GS 201 September 21 tutorial questions:
What is a theory?
A theory is a series of ideas that together express a concept or central ideology. Theories also function as hypotheses,
trying to suggest what happens in a universal scale based on a process of formulation, test and refinement.
What are the basic arguments of Liberalism?
According to Dr Ejobowah, Liberalism "is a family of ideas that views the world through the prism of individual liberty."
The basic three tenants of liberalism as discussed in the readings by and lecture are tolerance, moral equality of men
and the autonomy of reasonable adults based on natural or inherent positive and negative rights. Liberalism argues
that the government should not be involved in private sectors or the market any more than is absolutely necessarily to
form a framework in which the market can thrive. The governments primary if not its sole role is to protect what
liberalists consider the constituent's natural rights and freedoms.
Why did Liberalism emerge?
Liberalism emerged in response to the feudal system and absolute or "rigid" monarchs, aristocracy and the active
involvement of the church in state affairs. Liberalists called for a movement toward a stable, impartial Rule of Law. This
was perhaps in particular to incorporate accountability throughout the governing body and the special privileges and
favors granted select groups over others. In addition the Liberalism movement sought greater freedom for business
activities, which were restricted by the church and state, which functioned in incorporation. Because of this union a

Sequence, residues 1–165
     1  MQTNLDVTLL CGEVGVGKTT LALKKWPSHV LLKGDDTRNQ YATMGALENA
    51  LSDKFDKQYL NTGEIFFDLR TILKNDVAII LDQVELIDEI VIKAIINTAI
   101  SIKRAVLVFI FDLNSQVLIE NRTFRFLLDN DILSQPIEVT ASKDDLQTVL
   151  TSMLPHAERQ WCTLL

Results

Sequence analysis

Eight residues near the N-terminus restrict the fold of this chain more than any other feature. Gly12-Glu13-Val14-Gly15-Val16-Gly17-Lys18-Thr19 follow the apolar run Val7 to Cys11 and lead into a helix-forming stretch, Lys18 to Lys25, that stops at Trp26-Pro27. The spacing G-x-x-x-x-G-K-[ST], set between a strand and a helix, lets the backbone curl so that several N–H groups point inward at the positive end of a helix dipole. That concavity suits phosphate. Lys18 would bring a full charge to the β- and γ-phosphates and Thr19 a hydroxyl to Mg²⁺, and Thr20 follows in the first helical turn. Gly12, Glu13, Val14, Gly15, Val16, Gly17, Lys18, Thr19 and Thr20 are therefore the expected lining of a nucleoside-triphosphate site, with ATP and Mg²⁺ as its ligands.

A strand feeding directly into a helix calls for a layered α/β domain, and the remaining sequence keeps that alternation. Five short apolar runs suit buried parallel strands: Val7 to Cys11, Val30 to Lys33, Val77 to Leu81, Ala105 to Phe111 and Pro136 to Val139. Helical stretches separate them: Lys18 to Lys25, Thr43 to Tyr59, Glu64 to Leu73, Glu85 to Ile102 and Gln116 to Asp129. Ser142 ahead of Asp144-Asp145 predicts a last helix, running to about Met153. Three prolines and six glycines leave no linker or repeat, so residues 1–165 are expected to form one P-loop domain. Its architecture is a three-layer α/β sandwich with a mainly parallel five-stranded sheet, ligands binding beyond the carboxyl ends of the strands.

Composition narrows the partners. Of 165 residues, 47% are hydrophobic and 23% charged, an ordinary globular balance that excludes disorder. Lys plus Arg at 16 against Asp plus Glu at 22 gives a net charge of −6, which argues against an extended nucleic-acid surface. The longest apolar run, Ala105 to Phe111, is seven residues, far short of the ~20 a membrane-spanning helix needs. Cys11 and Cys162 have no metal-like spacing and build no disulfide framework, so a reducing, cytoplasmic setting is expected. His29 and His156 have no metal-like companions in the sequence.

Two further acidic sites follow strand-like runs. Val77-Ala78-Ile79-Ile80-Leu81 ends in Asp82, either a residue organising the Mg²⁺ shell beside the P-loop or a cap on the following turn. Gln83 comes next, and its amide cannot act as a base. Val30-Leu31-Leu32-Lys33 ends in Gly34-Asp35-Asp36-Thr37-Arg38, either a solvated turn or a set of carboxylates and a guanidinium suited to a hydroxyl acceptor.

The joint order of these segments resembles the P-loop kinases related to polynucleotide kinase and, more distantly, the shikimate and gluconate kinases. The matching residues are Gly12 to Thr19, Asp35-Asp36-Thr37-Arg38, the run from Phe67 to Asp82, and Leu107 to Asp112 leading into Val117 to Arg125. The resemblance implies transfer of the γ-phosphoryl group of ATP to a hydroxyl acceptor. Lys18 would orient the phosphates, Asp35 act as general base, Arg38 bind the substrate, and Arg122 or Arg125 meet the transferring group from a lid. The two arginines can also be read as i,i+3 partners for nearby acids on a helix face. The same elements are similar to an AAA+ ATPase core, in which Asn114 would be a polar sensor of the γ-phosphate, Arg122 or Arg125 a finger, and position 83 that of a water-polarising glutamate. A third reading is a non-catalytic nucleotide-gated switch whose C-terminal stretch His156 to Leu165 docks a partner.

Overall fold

nation's religion was dictated and "imposed" by the state, a final point of objection for early Liberalists.
What is the ideal role of the state for Classical Liberalists?
In Classical Liberalism the ideal role of the state involved the government in an extremely minimalist role, that allows
for constituents who comprised of the 'competent adult' population as it is considered at the time to perform business
without government interference. John Locke described this role as that of "a trustee to protect the rights of the
people." However this system should be allow for reform and serve primarily to protect the lives of constituents, their
'natural' liberties and their property. In so far as economy is concerned, classical liberalist theory describes the
appropriate role of the state as to "protect property, prevent fraud and impartially settle disputes."
What does Locke say about why individuals form a social contract?
Locke explains that individuals are inherently supplied with the logic and reason to care for themselves, however are
not in as a state of nature equipped with a means of fairly and imperially settling disputes. For this reason all
competent, civil individuals enter into a state of social contract, in which certain regulations are recognized under the
pretense that all involved will recognize and heed these particular rules and function in agreement with one another as
a result. This is the reason that Locke posit an actively economically involved government would be unnecessary and
potentially a hinderance to individual liberties and should be avoided, on the